We would have been too late even if we’d reacted before eating the pancakes. We were aground in the mud on a very rapidly falling tide. Pushing with the dinghy did nothing, and when we tried to winch ourselves off with the anchor we found it dragged easily. By the time we had reset the anchor Odyssey’s stern was sitting on the exposed mud. We sat back, relaxed and checked tide tables. It would be 3PM before we pulled ourselves clear, checked for mud in the engine intakes, and headed for our next anchorage on Marshyhope Creek.

We dropped a freshly printed owner’s manual off at the post office and inquired about someplace to find breakfast in the tiny town of Vienna. Even before we got to Millie’s Roadhouse Bar and Grill we knew it had to be a townie place. It was off on a very local side street. Inside we could hear conversation coming from the bar as someone ordered another morning beer. Our heavyweight waiter complete with ball cap and a two day growth of beard turned out to also be our cook, which was confusing since there already seemed to be another very large guy cooking in the exposed kitchen. It turned out the other cook was a volunteer who stops in on a regular basis to make soup or chili. It was an outstanding breakfast.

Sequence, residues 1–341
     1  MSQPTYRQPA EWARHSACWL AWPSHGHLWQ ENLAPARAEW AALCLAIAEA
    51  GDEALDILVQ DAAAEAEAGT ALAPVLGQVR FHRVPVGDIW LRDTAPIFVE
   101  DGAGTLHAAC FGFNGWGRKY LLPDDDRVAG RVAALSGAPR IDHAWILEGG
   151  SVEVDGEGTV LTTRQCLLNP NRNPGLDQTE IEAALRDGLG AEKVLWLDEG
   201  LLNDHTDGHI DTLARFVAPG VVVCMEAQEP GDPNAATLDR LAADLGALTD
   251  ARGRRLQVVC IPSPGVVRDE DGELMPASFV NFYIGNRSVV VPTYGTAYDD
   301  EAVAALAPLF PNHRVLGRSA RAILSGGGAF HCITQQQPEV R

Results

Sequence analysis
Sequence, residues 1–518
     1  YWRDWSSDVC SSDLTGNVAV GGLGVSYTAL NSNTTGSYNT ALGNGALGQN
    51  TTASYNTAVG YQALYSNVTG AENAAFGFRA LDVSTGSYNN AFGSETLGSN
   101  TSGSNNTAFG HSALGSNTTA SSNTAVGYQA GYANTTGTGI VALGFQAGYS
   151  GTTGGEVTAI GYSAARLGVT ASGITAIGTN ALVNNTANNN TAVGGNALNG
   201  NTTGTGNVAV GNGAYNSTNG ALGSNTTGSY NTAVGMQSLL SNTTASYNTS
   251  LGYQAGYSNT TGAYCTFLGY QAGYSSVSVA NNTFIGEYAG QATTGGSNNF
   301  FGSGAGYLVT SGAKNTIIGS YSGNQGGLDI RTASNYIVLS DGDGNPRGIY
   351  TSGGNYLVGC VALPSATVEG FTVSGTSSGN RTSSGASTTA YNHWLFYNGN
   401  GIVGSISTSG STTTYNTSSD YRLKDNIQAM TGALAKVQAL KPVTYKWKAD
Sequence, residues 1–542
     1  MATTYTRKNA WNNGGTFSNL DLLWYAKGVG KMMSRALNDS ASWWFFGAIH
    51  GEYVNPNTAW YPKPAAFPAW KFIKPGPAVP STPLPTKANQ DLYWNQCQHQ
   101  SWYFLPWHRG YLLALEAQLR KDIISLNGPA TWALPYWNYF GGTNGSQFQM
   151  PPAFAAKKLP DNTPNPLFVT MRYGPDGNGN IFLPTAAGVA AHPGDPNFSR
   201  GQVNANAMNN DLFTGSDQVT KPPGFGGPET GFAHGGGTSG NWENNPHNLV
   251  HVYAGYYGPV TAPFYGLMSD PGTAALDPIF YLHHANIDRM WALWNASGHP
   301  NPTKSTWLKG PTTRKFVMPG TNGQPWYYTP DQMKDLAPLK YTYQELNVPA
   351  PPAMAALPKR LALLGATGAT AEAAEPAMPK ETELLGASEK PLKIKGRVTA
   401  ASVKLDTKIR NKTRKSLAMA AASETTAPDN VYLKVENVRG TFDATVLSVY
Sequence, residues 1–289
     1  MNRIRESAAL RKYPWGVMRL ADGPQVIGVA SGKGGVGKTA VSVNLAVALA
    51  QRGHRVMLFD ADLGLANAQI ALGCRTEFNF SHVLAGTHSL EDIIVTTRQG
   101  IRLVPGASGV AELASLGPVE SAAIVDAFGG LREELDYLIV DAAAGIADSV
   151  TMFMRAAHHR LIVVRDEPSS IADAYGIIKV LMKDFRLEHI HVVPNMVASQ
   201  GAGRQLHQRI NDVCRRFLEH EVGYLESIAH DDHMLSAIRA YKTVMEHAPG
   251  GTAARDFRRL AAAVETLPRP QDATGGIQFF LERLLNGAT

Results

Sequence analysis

Segway riding

Segway riding

Just as we exited the Annapolis post office a man came cruising up on a Segway. We watched fascinated as he stepped off his two-wheeled wonder and went inside. He too discovered the main post office was closed on Saturday and returned quickly. We struck up conversation about his unique transportation mode. That led to a very short ride and a suggestion to come to the shop where we could learn to ride a Segway. A few days later we visited the shop and had a ball experiencing a ride where the electronics and gyros did the work of keeping you upright on two wheels. Lessons included going up and down curbs, grass, bumps and just getting comfortable with a machine that goes forward as you lean forward and stops when you lean back. We loved it and had a ball touring Annapolis with our instructor. Now that we are certified, we will rent again and go off exploring on our own. Ruth felt it would be the perfect land transportation for the boat. However, the $4,000 price tag and knowing we would never walk again convinced us it would be a bad idea.

Wind against the tide made for a very bumpy ride and almost convinced us to divert as we headed down Delaware Bay, but we stuck it out and tucked in at Cape May. The next day we anchored well inside Sandy Hook at Atlantic Highlands for the night so we could get an early start in the morning. Fog was forming as we headed up the bay for the Verrazano Bridge and New York harbor. Visibility dropped to less than a mile, which is a little unnerving in a busy port. By the time we reached the Statue of Liberty the fog lifted, and we threaded our way through the morning rush hour of commuter ferries with only choppy water from all their wakes. We pushed on to Norrie State Park well up the Hudson.